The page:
Friday, June 8, 2001
TV boat’s real name
holds a rich history
In my May 11 column, I wrote that Mike Nelson's boat in
the 1950s TV show "Sea Hunt" was called the Aquanaut. Here's
part of an e-mail about that from a "Sea Hunt" fan:
"The name was not Aquanaut, it was Argonaut (as in
Jason and the Argonauts).
"The Argonaut is a 1960 Trojan Sea Breeze, Express
Cruiser, 34 feet long and 12 feet wide. It's made of mahogany planking
with teak decks and brightwork. She is currently being restored."
I appreciate the information and stand corrected. But
who, I wondered, are Jason and the Argonauts?
The group, I learned, is not a band of musicians, but a
band of adventurers in an ancient Greek story.
The story goes that Jason, in order to become king, had
to sail far away, retrieve a stolen treasure and return it to Greece. To
achieve this the god Argus built Jason a ship named Argo. The men who
joined this sailing adventure were called Argonauts.
The voyage of the Argo, recorded in the masterpiece
Argonautica, is a celebrated Greek epic famous for its psychological
While reading this story, I thought the term argo must
have some kind of marine connotation. It doesn't. Not in Greek literature,
anyway. But in French Polynesia and Hawaii, it's the species name of a
fish called roi.
The roi is a dark brown grouper covered with iridescent
Naturalists in 1801 named the fish Cephalopholis argus
because the god Argus had 100 glowing eyes.
Common English names for this game fish are Argus
grouper and peacock grouper, two names more closely linked than you might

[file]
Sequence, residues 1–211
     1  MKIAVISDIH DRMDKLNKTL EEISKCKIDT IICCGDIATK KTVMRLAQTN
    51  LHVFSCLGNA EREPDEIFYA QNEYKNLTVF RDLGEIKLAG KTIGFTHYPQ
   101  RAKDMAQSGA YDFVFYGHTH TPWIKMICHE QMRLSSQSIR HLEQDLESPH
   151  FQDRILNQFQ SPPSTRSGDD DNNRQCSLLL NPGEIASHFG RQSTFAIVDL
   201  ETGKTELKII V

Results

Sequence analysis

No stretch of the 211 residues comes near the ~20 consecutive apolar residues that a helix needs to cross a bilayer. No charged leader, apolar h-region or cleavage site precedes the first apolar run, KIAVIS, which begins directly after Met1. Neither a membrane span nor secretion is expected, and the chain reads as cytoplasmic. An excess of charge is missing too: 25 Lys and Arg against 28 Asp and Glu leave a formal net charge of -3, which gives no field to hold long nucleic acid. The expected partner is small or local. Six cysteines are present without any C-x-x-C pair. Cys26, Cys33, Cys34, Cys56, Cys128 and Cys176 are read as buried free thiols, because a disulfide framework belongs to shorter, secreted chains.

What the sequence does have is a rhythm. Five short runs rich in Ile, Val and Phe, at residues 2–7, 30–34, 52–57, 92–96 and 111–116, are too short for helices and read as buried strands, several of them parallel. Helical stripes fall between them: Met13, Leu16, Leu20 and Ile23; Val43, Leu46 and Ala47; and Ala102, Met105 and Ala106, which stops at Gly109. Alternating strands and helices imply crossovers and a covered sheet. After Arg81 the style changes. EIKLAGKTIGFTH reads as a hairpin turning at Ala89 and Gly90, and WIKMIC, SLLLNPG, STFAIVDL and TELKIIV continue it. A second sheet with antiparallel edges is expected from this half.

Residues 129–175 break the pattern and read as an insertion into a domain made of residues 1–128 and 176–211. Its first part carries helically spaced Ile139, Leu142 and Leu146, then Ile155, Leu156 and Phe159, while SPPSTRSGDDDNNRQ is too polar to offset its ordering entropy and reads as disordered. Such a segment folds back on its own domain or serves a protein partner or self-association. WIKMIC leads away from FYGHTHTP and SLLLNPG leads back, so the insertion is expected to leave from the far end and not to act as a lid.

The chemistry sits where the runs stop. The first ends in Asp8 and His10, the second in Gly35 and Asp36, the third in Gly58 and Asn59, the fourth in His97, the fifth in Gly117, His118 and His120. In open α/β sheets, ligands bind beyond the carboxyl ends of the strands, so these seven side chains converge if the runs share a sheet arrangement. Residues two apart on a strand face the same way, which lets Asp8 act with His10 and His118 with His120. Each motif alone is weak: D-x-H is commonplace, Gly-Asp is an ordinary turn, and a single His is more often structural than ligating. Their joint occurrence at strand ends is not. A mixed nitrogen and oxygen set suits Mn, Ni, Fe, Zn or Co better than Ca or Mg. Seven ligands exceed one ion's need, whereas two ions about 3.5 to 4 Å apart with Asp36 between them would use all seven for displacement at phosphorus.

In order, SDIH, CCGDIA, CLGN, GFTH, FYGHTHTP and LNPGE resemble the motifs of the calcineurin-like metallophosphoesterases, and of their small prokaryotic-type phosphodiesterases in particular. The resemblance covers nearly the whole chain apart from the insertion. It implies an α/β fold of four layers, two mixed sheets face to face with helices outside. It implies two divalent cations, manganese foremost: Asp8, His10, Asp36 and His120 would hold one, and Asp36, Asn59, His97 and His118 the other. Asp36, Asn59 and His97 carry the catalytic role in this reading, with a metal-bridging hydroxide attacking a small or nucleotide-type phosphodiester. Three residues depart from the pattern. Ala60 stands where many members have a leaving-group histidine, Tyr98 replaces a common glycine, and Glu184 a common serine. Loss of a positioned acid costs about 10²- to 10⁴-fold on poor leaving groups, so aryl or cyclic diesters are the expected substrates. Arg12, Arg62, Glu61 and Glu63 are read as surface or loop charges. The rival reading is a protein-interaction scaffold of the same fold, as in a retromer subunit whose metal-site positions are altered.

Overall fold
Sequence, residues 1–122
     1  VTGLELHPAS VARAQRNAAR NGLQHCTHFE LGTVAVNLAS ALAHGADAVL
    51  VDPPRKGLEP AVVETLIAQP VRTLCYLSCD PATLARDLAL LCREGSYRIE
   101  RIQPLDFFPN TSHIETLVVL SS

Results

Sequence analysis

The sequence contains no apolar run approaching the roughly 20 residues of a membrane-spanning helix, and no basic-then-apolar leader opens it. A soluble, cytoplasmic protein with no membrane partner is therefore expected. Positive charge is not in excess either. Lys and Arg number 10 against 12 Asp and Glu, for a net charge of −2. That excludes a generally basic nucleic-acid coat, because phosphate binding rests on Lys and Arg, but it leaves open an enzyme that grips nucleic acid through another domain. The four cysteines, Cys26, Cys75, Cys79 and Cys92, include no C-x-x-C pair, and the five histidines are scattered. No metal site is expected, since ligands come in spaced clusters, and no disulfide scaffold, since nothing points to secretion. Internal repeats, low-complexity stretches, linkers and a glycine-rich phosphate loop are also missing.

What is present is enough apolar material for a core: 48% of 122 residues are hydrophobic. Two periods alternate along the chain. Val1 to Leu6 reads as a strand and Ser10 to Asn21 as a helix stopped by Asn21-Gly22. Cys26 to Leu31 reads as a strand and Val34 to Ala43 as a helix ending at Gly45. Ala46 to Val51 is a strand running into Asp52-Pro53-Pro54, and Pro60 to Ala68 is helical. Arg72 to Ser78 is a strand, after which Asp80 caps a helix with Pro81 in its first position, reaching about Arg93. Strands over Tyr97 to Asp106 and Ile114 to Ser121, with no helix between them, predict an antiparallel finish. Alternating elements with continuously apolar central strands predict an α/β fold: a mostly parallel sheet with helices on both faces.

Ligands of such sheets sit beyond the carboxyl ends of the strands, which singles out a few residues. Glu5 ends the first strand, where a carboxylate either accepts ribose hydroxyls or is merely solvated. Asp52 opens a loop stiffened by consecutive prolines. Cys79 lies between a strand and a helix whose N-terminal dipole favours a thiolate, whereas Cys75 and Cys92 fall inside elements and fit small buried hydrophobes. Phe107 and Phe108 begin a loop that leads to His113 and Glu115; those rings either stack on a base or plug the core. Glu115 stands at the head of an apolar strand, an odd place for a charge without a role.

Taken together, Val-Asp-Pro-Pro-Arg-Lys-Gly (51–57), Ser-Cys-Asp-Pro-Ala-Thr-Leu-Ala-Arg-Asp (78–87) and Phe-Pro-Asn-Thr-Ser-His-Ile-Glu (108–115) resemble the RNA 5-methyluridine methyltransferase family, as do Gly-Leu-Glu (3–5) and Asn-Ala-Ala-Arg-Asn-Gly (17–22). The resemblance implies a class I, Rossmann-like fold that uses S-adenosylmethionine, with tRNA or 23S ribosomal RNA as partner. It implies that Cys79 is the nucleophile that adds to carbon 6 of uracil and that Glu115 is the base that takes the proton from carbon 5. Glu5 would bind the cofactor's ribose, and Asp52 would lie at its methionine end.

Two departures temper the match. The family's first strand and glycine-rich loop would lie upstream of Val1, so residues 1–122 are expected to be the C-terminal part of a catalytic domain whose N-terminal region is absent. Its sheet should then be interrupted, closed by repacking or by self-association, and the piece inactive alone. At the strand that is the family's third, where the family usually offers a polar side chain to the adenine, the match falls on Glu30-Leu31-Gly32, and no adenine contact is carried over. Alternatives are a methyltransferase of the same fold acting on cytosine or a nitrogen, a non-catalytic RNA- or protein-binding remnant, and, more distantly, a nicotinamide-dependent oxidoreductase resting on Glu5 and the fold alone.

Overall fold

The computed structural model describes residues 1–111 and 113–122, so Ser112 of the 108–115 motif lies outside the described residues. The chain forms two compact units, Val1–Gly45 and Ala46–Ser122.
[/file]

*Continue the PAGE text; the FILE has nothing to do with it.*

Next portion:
think. When a cranky Greek goddess named Hera got annoyed with the spying
Argus, she turned him into a peacock. That's why peacock tails are full of
But back to my "Sea Hunt" e-mail. My reader
included a Web site about Mike Nelson's boat, Argonaut. I checked it out
and then searched the Internet using the key words Sea Hunt. And there
went the rest of the afternoon.
"Sea Hunt" lives.
For those too young to know, from 1958 through 1961,
Lloyd Bridges played a character named Mike Nelson, an ex-Navy frogman
turned underwater troubleshooter. Mike was a bold scuba diver who rescued
trapped pilots, recovered stolen goods and cut the air hoses of a
remarkable number of underwater criminals.
In the beginning, a stunt double did the diving for
Bridges in a Palo Alto aquarium. But when the show became popular, the
athletic actor learned to do his own diving, and the show moved to the
ocean. In its heyday, "Sea Hunt" episodes were shot in waters
off the Florida Keys, California and Australia.
I remember one of these shows vividly. My brother and I
had chicken pox, and my mother insisted we stay in bed. "But 'Sea
Hunt' is on!" we shrieked.
She relented. Wrapped in blankets and dotted with
calamine lotion, we sat on the floor about three feet from the TV and
watched in awe as our scuba hero wrestled bad guys and yanked regulators
from their mouths. It was the only consecutive 30 minutes in the entire
week when I didn't scratch.
By today's standards "Sea Hunt" is pretty
corny, but it was the first TV show about the ocean, and I loved it.
Judging by the "Sea Hunt" Web sites, a lot of other boomers did,